Dr. Albert Schweitzer's The Philosophy of Civilization, Part 1 - The Decay and Restoration of Civilization. Excerpts taken from Internet Archive

One thing, however, is clear. Where the collective body works more strongly on the individual than the latter does upon it, the result is deterioration, because the noble element on which everything depends, viz., the spiritual and moral worthiness of the individual, is thereby necessarily constricted and hampered. Decay of the spiritual and moral life then sets in, which renders society incapable of understanding and solving the problems which it has to face. Thereupon, sooner or later, it is involved in catastrophe.

That is the condition in which we are now, and that is why it is the duty of individuals to rise to a higher conception of their capabilities and undertake again the function which only the individual can perform, that of producing new spiritual-ethical ideas. If this does not come about in a multitude of cases nothing can save us.

A new public opinion must be created privately and unobtrusively. The existing one is maintained by the Press, by propaganda, by organization, and by financial and other influences which are at its disposal. This unnatural way of spreading ideas must be opposed by the natural one, which goes from man to man and relies solely on the truth of the thoughts and the hearer's receptiveness for new truth. (emphasis ours) Unarmed, and following the human spirit's primitive and natural fighting method, it must attack the other, which faces it, Goliath faced David, in the mighty armour of the age.

About the struggle which must needs ensue no historical analogy can tell us much. The past has, no doubt, seen the struggle of the free-thinking individual against the fettered spirit of a whole society, but the problem has never presented itself on the scale on which it does to-day, because the fettering of the collective spirit as it is fettered to-day by modern organizations, modern unreflectiveness, and modern popular passions, is a phenomenon without precedent in history. . .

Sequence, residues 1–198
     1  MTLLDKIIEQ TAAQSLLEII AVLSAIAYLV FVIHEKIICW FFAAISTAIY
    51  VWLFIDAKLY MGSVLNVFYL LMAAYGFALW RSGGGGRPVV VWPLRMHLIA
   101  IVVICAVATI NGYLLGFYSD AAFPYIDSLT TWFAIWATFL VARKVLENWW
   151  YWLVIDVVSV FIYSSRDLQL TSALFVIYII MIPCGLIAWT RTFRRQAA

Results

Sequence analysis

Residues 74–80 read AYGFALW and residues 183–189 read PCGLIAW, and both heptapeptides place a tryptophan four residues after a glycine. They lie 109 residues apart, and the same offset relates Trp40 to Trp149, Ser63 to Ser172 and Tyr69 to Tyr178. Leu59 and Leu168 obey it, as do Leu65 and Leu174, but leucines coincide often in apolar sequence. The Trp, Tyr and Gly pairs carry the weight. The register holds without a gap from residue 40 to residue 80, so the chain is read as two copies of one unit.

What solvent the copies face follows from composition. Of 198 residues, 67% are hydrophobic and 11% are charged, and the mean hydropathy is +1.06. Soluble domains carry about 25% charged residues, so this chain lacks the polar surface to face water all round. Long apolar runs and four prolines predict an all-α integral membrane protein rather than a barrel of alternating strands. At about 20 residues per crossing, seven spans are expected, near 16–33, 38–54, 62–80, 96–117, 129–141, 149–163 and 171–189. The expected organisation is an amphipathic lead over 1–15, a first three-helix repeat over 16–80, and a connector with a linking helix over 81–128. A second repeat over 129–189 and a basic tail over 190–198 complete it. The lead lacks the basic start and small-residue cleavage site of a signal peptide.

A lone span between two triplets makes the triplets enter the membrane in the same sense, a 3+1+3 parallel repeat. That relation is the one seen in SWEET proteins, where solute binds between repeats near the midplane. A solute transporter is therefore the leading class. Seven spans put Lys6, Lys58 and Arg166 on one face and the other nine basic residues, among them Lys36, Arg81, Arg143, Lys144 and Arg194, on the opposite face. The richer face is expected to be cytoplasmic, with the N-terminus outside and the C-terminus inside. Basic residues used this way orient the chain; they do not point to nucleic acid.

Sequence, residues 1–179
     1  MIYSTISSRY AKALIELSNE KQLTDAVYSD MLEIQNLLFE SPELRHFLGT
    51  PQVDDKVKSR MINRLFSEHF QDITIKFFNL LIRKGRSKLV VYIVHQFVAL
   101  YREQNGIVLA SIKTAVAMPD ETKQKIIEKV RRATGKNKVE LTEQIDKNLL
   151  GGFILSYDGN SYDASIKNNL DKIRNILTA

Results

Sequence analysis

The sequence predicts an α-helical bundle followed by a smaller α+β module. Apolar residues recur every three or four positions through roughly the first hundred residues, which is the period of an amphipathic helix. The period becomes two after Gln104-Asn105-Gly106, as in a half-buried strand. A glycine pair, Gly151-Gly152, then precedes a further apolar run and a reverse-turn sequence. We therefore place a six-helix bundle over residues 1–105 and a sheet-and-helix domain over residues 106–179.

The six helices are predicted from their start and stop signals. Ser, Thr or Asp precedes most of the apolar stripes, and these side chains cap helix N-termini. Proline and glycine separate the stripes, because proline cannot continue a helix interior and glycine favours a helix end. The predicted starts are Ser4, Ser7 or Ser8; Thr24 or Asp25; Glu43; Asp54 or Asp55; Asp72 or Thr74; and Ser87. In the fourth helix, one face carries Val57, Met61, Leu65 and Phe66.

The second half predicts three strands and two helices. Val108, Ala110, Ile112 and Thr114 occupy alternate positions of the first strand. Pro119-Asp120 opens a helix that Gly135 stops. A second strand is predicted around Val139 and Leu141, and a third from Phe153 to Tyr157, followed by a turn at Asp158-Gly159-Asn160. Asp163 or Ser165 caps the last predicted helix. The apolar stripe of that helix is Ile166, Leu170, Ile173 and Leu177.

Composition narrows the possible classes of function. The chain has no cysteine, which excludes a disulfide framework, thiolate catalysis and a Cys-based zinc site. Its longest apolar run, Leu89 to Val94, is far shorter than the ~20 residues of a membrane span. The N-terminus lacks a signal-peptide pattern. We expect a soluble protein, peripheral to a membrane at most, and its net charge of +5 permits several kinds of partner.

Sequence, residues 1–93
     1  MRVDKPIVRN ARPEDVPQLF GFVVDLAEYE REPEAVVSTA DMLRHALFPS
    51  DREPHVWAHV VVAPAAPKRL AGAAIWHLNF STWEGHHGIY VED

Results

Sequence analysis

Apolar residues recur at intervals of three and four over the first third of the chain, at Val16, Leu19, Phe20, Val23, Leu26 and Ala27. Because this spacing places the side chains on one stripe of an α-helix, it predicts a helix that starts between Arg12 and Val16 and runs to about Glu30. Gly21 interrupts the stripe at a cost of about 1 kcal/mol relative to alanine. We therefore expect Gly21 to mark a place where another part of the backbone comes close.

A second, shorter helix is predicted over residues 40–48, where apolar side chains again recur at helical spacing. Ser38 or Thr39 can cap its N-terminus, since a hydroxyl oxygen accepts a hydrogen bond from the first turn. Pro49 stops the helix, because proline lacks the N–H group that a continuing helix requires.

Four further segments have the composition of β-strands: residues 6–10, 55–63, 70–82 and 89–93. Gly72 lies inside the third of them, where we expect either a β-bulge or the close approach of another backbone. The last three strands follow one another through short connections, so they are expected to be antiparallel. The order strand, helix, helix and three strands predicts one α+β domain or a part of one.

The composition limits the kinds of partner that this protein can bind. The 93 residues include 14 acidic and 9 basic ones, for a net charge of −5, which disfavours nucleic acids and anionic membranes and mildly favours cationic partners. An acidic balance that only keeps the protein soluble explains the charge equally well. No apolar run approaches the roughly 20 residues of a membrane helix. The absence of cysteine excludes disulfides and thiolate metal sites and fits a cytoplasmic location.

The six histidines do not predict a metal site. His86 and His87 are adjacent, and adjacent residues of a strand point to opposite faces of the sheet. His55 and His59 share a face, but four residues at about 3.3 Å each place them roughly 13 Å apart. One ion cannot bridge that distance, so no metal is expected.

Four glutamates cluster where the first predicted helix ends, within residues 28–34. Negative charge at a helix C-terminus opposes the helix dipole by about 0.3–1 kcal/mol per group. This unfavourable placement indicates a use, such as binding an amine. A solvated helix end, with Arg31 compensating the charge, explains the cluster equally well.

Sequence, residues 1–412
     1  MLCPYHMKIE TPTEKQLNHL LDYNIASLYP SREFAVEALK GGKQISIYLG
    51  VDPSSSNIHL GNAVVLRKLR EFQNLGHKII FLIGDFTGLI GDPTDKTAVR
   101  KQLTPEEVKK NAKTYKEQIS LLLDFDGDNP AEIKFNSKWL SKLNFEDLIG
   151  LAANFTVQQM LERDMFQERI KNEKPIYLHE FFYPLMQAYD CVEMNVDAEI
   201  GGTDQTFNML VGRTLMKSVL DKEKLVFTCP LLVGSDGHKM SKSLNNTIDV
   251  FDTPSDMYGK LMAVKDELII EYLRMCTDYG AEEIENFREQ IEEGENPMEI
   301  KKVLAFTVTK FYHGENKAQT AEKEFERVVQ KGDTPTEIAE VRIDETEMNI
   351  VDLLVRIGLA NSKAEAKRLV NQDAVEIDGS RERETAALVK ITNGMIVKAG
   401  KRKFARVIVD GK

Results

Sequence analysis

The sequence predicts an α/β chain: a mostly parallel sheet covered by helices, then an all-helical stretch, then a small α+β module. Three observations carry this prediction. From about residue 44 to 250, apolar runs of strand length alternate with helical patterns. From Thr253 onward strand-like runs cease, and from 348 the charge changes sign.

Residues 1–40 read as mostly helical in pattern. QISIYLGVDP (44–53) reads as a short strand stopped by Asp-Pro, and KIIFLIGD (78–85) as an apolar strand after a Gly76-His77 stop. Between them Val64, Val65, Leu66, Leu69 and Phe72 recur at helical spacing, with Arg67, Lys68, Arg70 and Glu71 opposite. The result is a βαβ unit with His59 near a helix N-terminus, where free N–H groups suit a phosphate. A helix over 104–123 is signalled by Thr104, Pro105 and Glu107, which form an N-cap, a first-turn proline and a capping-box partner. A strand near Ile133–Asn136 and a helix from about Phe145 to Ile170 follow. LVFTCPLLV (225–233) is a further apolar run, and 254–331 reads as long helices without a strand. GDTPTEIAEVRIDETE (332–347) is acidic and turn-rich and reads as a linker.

There is only one way in which we can hope to emerge from the meaningless state in which we are now held captive into one informed with meaning. Each one of us must turn to contemplate his own being, and we must all give ourselves to co-operative reflection so as to discover how our will to action and to progress may be intellectually based on the way in which we interpret our own lives and the life around us, and the meaning which we give to these. . .

The ways along which we have to struggle toward the goal may be veiled in darkness, yet the direction in which we must travel is clear. We must reflect together about the meaning of life; we must strive together to attain to a theory of the universe affirmative of the world and of life, in which the impulse to action which we experience as a necessary and valuable element of our being may find justification, orientation, clarity and depth, may receive a fresh access of moral strength, and be retempered, and thus become capable of formulating, and of acting on, definite ideals of civilization, inspired by the spirit of true humanitarianism.